Kingston meeting brings financial troubles to light
by Matt Shinall
Jan 11, 2012 | 2118 views | 0 0 comments | 8 8 recommendations | email to a friend | print
After being sworn in as Kingston's new mayor, Ronald Casey took the opportunity to spell out the city's financial situation Monday evening.

Referring to comments made by former Mayor Dexter Jones about the stability of Kingston finances, Casey painted a bleak picture of Kingston's budget.

"Ladies and gentlemen, we are not in good financial standing. This town has gone over its projected budget by more than $100,000," Casey said. "Looking at the payroll of the city of Kingston and all that the city has to pay when it's time to be paid, that puts us in pretty bad shape financially. It's not a sound financial statement by any means."

Reviewing accounts, Casey and city council members discussed expenditures and revenue sources, emphasizing the use of water department funds. Casey compared the situation to the one he found himself in during his first term as mayor, serving immediately prior to Jones, in which he faced challenges following the theft of city funds by former City Clerk Samantha Silvers in 2007. The deficit following that loss forced Kingston to sell city hall to Bartow County, from whom they currently lease the building.

"We're robbing the water fund to pay for the operation of the city, which we should not be doing, and this city is the only one in the county that is not prospering financially," Casey said. "The first time I was mayor, we were basically broke because the city had been robbed and some mismanagement. Now, we're getting close to the point where when we pay the building back, if things don't improve we may have to try and sell it again and I wouldn't want to be the one who had to do that."

During Monday's combined work session and regular meeting, the council discussed many topics dealing with city finances, including Special Purpose Local Option Sales Tax projects, putting an end to overtime and the absence of a 2012 budget.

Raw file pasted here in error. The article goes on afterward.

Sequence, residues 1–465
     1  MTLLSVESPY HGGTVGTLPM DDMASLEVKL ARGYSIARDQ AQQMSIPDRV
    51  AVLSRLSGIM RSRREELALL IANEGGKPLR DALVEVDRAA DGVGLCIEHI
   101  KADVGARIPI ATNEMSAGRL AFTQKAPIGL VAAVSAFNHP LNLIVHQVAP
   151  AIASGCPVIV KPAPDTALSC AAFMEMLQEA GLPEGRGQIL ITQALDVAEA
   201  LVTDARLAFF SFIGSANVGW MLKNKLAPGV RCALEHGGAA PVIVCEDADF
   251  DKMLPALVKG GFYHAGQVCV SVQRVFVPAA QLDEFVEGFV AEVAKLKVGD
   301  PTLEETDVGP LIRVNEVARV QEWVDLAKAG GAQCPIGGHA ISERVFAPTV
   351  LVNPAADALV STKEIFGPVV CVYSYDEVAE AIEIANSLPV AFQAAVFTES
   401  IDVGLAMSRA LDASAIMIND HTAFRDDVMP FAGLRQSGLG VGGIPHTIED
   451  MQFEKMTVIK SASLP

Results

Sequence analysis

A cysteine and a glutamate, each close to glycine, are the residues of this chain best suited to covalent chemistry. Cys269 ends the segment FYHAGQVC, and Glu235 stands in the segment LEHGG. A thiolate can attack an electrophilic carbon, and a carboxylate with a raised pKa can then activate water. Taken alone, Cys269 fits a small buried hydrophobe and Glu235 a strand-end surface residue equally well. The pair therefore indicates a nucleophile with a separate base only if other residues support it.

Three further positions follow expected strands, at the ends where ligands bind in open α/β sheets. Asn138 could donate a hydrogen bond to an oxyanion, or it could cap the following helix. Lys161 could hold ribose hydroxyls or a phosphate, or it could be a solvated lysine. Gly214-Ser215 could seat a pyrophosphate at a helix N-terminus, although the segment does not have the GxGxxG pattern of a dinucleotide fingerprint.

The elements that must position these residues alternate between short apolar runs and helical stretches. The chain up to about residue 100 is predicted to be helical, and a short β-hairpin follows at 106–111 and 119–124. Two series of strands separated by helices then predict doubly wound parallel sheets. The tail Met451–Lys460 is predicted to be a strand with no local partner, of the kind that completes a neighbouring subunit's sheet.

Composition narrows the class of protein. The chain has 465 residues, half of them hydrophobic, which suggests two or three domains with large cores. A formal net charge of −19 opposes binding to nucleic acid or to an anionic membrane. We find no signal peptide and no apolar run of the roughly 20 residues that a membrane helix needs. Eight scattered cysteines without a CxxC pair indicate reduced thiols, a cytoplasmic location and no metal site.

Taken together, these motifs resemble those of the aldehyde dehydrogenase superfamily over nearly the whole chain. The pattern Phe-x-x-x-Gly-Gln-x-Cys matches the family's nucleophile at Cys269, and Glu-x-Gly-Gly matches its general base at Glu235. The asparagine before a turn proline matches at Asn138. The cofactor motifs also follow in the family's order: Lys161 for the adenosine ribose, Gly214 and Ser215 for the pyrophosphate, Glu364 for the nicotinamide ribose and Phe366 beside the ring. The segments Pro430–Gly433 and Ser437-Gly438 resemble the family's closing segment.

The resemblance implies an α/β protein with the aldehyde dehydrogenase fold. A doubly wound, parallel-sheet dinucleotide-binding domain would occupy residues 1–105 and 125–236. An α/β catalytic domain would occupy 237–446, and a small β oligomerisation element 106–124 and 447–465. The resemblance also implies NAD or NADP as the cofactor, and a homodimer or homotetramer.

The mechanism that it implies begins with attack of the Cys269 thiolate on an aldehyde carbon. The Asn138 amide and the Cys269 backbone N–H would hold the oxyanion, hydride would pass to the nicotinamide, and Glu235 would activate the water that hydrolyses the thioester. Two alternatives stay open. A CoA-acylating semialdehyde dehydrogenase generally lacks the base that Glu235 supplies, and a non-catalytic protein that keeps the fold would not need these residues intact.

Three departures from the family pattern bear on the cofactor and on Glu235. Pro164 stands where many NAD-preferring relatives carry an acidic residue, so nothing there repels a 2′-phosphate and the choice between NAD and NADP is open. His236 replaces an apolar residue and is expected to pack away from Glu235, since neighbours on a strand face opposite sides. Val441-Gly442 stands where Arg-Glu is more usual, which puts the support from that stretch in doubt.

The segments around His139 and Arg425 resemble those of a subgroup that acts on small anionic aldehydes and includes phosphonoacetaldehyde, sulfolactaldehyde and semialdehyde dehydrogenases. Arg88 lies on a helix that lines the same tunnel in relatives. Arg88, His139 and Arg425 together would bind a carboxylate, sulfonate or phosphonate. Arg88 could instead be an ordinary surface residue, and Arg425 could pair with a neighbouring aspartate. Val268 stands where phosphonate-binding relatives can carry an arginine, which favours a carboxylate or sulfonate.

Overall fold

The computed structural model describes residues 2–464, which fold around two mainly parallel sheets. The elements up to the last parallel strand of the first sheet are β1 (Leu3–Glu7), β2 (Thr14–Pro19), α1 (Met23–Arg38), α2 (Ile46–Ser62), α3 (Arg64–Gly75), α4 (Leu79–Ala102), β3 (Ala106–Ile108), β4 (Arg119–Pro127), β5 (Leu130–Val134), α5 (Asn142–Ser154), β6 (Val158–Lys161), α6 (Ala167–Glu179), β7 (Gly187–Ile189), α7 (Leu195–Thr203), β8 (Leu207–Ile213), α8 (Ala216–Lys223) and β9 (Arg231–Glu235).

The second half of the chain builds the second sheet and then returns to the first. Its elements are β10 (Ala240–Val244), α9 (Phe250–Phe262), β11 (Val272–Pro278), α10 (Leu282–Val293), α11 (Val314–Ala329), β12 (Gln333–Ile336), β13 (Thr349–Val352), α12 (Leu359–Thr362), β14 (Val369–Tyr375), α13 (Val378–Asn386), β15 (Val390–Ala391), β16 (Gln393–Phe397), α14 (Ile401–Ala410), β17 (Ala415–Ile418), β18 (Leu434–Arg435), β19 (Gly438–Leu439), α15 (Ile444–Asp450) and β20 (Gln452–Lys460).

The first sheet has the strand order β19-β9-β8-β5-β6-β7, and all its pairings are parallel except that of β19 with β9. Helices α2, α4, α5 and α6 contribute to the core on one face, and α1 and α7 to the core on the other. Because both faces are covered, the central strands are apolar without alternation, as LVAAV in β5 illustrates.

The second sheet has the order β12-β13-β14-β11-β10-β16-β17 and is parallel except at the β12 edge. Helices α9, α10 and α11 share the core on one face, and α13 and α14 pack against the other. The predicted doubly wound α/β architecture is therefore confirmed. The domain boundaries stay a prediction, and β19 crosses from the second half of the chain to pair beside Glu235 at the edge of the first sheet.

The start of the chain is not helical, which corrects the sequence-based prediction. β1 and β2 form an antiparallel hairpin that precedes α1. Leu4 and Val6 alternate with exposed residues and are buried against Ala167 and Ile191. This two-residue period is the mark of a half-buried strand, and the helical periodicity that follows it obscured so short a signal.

"We do not have a budget for 2012, our former mayor did not turn one in as we are required to do each year. What we're going to try to do is come up with a budget over the next few weeks," Casey said, asking for public input on the matter. "We'll be operating on the old budget from 2011 until we do get a budget. We'd be glad to have input from any citizens on the budget. I'm sure there's lots of areas in that budget that we could use your input."

Several items carried over to the evening's regular meeting, including a motion to remove an ordinance, which has gone unenforced for years, to automatically increase water rates annually. The provision was added while Kingston was purchasing water from Bartow County. Kingston has not followed the resolution calling for an annual 4.5 percent water increase and its removal will not affect current rates.

"We're just deleting one section that requires automatic increases in the rate, which was never enforced but it's in there," said City Attorney Peter Olson, explaining the move to remove the resolution. "Rates are not going to go up or down at this point, under our own ordinance they should have been up 13.5 percent by now. So we're simply bringing the ordinance into accordance with what the reality is, that the rates never changed."

With the observance of New Years falling on the first Monday of the month, Kingston's work session was held immediately prior to the regular session leaving the council with little time to review new material presented for several items. Tabled for further discussion was a revised employee handbook and a revised employee ordinance clarifying and updating processes relating to the hiring and firing of city employees.

The council also heard Monday, the first reading of revisions to the city's code regulating the sale of alcoholic beverages to incorporate changes approved by voters in the November referendums.

Lastly, a water conservation plan drafted by Schweitzer Engineering was approved. The conservation plan is required by the Georgia Environmental Protection Division for groundwater withdrawal permits.

The Kingston City Council will meet again Monday, Feb. 6, at 7 p.m. at city hall.